(CNN) - President Barack Obama laid a wreath of white flowers Friday at the Pentagon, where 184 people lost their lives on September 11, 2001, when a hijacked jet smashed into the military icon outside the nation's capital.
"No words can ease the ache of your hearts," Obama told a crowd of relatives and friends standing under umbrellas in a steady rain. The plane, American Airlines Flight 77, struck the Pentagon's west wall. Earlier in the day, the president and first lady Michelle Obama held a
moment of silence outside the White House to mark the eighth anniversary of the al Qaeda attacks that killed 2,752 people.
At the Pentagon, Obama was introduced by Defense Secretary Robert Gates, who spoke of the "great pinnacle of sacrifice" shown that day.
"Eight Septembers have come and gone," Obama said. "Nearly 3,000 days have passed, almost one for each one who has been taken from us."
"We recall the beauty and meaning of their lives," he said. "No passage of time, no dark skies can dull the meaning of that moment" when they died.
"Let us renew our resolve against those who perpetrated this violent act," Obama said.
The nation paused at the moments when the planes crashed into the World Trade Center and the Pentagon - twin symbols of America's financial and military might - and a field near Shanksville, Pennsylvania. Officials believe the target of the latter was either the White House or the Capitol.
There was silence at the site of the former World Trade Center at 8:46 a.m. ET, the time when the first plane struck the North Tower, followed by another at 9:03 a.m. ET, when a jet struck the South Tower.
Family members and friends of the dead read their names in solemn roll calls at each site as bells tolled. In London, England, U.S. Ambassador Louis Susman and his wife, Marjorie,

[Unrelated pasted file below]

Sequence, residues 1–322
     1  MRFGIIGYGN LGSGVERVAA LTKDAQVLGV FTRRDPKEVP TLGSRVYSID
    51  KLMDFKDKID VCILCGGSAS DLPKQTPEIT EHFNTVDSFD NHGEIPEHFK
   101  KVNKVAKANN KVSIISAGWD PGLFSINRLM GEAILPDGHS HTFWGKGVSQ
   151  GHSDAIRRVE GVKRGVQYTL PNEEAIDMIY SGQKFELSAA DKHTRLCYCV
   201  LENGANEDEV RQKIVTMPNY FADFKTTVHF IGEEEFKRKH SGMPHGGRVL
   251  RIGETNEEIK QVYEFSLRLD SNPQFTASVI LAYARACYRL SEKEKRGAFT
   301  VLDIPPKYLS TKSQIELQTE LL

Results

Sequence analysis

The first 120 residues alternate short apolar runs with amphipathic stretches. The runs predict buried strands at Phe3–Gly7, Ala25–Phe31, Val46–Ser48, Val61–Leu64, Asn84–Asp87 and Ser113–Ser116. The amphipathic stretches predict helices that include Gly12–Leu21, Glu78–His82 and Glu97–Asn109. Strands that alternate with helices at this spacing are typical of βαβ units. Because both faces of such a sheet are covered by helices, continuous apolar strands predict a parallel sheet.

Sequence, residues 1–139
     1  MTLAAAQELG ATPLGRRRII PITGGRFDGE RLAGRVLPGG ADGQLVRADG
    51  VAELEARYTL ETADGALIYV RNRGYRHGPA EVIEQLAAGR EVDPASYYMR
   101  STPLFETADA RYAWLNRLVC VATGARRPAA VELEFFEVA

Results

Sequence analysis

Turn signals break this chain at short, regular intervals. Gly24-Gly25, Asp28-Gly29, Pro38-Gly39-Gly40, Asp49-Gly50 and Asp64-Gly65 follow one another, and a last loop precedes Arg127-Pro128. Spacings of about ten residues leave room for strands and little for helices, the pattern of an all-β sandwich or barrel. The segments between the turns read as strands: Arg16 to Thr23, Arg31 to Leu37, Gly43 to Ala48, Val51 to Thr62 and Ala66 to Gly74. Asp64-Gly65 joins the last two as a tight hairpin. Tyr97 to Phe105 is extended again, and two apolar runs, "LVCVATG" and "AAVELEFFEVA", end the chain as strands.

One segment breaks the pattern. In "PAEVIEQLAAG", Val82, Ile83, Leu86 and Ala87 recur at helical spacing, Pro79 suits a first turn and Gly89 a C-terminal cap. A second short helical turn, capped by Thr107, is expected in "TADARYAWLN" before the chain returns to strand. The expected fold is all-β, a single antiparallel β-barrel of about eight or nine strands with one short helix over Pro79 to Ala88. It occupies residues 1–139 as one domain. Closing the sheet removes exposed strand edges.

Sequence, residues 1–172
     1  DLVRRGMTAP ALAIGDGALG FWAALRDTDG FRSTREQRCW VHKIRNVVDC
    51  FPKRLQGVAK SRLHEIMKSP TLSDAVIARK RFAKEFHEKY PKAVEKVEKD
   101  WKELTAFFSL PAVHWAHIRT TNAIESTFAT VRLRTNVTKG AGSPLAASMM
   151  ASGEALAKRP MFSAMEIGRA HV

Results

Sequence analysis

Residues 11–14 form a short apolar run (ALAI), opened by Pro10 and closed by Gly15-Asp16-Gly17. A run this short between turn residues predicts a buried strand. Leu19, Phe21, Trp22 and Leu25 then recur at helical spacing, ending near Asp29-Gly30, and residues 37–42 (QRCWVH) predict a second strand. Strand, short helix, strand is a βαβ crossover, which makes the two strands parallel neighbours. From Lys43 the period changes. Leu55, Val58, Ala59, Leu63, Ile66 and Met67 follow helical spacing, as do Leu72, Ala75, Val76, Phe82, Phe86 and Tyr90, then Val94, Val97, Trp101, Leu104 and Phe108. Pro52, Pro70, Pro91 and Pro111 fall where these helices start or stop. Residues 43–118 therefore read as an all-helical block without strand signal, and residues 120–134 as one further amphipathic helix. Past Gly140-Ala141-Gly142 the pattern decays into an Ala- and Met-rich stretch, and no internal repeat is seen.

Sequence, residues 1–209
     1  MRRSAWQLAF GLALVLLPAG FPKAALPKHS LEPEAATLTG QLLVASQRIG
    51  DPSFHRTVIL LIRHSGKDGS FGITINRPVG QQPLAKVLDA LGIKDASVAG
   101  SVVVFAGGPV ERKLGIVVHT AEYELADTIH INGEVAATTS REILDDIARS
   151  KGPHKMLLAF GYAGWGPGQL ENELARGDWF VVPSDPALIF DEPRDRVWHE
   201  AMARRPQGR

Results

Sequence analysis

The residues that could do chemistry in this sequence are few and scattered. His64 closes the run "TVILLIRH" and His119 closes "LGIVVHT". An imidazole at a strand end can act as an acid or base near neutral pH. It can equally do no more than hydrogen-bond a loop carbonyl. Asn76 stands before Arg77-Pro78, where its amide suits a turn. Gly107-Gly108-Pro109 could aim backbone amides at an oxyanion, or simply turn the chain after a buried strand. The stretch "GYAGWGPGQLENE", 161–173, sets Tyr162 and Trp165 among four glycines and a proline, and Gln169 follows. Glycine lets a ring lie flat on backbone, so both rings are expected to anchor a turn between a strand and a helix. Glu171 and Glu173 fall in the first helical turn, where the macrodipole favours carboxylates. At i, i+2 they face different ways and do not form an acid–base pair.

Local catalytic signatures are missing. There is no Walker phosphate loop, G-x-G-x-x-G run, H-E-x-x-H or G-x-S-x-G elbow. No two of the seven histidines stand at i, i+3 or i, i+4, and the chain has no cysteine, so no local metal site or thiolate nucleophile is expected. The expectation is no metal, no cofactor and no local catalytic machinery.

laid a wreath at the September 11 Memorial Garden in Grosvenor Square.
At ground zero in New York City, a woman whose husband worked on the 94th floor of one of the World Tower buildings recalled that day.
"The pain can still be so sharp. ... I realize how much my life has changed," she said, mentioning that her children have now grown and she has grandchildren.
Her husband left many lessons, she said, including "the courage to be kind."
Just before the first moment of silence, New York City Mayor Michael Bloomberg praised the newly established September 11 National Day of Service and Remembrance, designated by Obama.
"Appropriately, the city of New York has taken up that call. From this day forward we will guard the memories of those who died by rekindling the spirit of service and help keep us strong," Bloomberg said.
At the Web site set up for that day, people were listing their charitable acts.
One man who spoke to the crowd at ground zero remembered his brother, a partner at a law firm located near the Twin Towers and a longtime volunteer firefighter. He rushed toward the South Tower, "toward the inferno," to do what he could to help, the brother said.
"He was there when the tower collapsed." In Shanksville, a ceremony was under way to remember the 40 passengers and crew of United Airlines Flight 93, who died when the hijacked plane went down in a field there. The passengers and crew, aware of the fate of at least some of the other hijacked planes, fought the men who had taken control of their aircraft, leading to its crash.
Colin Powell, former U.S. secretary of state, was to give the keynote address. A $58 million memorial being constructed at the 2,200-acre site is to open on the 10th anniversary of the attack.
On the eighth anniversary of the attacks, the level of concern about terrorism in the United States is roughly half of what it was immediately after September 11 and is down 20 points since the five-year anniversary in 2006, according to a new CNN/Opinion Research Corporation poll. Thirty-four percent of Americans think an act of terrorism is likely in the United States over the next few weeks. More than six in 10 have confidence in the Obama administration's ability to protect the nation.